Foundation's first two episodes, “The Emperor’s Peace” and “Preparing to Live” are released on the same day, after which the next eight installments air once a week. It’s an interesting choice, seeing as each episode seems to serve as a pilot episode of its own. The first episode's conclusion offers a Battlestar Galactica-esque path forward for our heroes, but the second episode ends by recalling Game of Thrones in its first major death, but...well, let's not get ahead of ourselves.

Our protagonist is Gaal Dornick (Lou Llobel), a young woman living on a planet near the Outer Reach of the galaxy. Despite her extremely modest upbringing, Gaal is extraordinarily intelligent, having won a mathematical contest whose grand prize is sending the winner to the planet Trantor to meet with Seldon at his office in the Imperial Library, a massive educational mecca.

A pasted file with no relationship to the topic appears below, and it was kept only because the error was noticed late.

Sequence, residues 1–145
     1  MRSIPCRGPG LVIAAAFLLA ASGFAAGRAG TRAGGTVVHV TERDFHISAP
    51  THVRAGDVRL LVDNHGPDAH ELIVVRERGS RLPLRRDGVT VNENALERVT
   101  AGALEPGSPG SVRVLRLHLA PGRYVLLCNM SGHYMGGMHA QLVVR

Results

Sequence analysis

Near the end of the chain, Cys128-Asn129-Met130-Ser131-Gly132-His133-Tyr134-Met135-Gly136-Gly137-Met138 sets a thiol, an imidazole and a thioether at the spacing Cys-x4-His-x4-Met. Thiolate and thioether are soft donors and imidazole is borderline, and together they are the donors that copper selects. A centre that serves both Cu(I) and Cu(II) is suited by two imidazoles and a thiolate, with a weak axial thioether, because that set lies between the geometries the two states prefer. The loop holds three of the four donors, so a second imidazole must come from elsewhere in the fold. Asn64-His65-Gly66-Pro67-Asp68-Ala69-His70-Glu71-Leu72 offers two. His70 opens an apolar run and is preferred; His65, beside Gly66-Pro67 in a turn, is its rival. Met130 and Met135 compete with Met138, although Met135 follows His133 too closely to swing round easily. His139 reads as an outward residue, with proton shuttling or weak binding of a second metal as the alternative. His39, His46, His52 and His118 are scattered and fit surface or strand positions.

Gaal is understandably nervous, arriving above the planet Trantor before descending to the surface on a massive Star Bridge that connects the planet to its space station. It’s all a lot to take in, even when she’s chatting with a seemingly friendly stranger (Reece Shearsmith) about what it’s like on Trantor. Once on the surface, Gaal meets up with Hari’s son Raych (Alfred Enoch, who may be most recognizable to some as Dean Thomas from the Harry Potter films), who introduces her to the enigmatic Hari. Gaal is initially awed by the famous mathematician before he reveals that his predictive theorems have told him that they’re going to be arrested by the leaders of Trantor — he for the impact of his theorems and she for just being incredibly smart, while coming from a "lower-class" planet.

Lou Llobell as Gaal Dornick in Foundation.

Lou Llobell as Gaal Dornick in Foundation. (Image credit: Apple TV Plus)

We should talk about those Trantor leaders since they play such a key role in Foundation. (These leaders are new creations for the show.) The three leaders: Brothers Dawn, Day, and Dusk are played respectively by Cassian Bilton, Lee Pace, and Terrence Mann. This trio is named in a way to imply not only their age but that they are essentially the same person at different times of life, enabled by cloning technology.